in the news

Yoshie Furuhashi furuhashi.1 at
Sun Feb 28 17:20:34 PST 1999


All of the concerns you expressed, some of which are echoed by your friend's testimony as to his needs being disregarded at a hospital, have and will occur whether or not workers are unionized, as long as disabled persons in particular and patients in general are not regarded as sources of knowledge. Solving this problem requires the organizing of disabled people and solidarity of others, on which you have been working. Some of your comments suggest that you think of home care workers' unionization as a debit for those who are given care, in the zero-sum game of power.

Your insistence that it is important that disabled persons be empowered to fire an attendant on the spot, that there be no-strike clause, etc. is understandable but seems to me to be counter-productive. You yourself say that homecare work is one of the last-resort jobs, so workers who take this kind of job "tend to be people who can't get work doing anything else," to quote from your reply. Unionization should make this line of work more attractive and give workers a reason to want to stick to it. If a job is unpleasant and pays little, there are not many incentives to do it well, especially given that taking care of a disabled and/or old person is tough enough work even if it pays well.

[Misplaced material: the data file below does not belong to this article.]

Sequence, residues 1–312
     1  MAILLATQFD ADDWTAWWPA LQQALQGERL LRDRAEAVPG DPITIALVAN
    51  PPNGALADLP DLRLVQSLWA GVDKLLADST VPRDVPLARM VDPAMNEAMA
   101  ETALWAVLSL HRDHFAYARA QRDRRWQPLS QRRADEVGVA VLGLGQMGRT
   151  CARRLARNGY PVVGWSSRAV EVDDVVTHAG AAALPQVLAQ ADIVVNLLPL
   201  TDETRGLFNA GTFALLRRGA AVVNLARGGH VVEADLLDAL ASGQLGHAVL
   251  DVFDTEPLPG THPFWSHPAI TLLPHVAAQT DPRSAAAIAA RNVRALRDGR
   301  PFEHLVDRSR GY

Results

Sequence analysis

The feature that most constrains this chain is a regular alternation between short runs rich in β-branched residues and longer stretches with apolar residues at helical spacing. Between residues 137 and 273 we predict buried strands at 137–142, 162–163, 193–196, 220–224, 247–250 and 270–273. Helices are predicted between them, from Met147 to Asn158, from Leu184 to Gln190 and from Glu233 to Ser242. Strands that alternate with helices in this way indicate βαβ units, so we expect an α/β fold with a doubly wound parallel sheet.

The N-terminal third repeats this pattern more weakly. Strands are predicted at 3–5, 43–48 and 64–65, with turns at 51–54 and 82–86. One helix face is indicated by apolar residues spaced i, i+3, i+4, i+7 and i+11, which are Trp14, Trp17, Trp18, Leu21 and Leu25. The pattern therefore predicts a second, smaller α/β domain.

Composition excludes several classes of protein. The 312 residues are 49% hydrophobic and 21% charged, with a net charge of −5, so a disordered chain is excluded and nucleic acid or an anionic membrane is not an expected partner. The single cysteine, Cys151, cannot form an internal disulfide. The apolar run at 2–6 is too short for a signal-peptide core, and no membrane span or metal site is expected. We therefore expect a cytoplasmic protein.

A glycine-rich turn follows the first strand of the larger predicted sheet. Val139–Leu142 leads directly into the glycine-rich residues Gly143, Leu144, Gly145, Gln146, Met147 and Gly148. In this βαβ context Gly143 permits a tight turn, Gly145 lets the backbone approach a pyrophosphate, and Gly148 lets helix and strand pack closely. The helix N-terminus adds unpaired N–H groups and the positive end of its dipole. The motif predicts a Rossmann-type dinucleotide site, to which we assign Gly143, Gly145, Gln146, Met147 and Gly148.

A strike isn't the only reason that workers may cause an inconvenience for disabled persons. They can quit, may not show up when they are supposed to, may be late or go home early, may work to rule or do even less than that, etc. Such situations are likely to occur more often when workers are dissatisfied with their jobs in some way. If you think that unorganized ways of expressing discontent are preferable to organized ones, you may insist upon a no-strike clause, but otherwise, what's the advantage for the disabled? (And why should a strike be a 'public relations disaster' for workers, and not the state? A strike can be prevented if the state makes concessions.)

Do you think it is a good idea to empower patients so that they can fire a doctor, a nurse, an orderly, etc. on the spot? Maybe you do, but if you don't think that's a good idea, why should home care attendants be let go on the spot if those who are given their care think fit?


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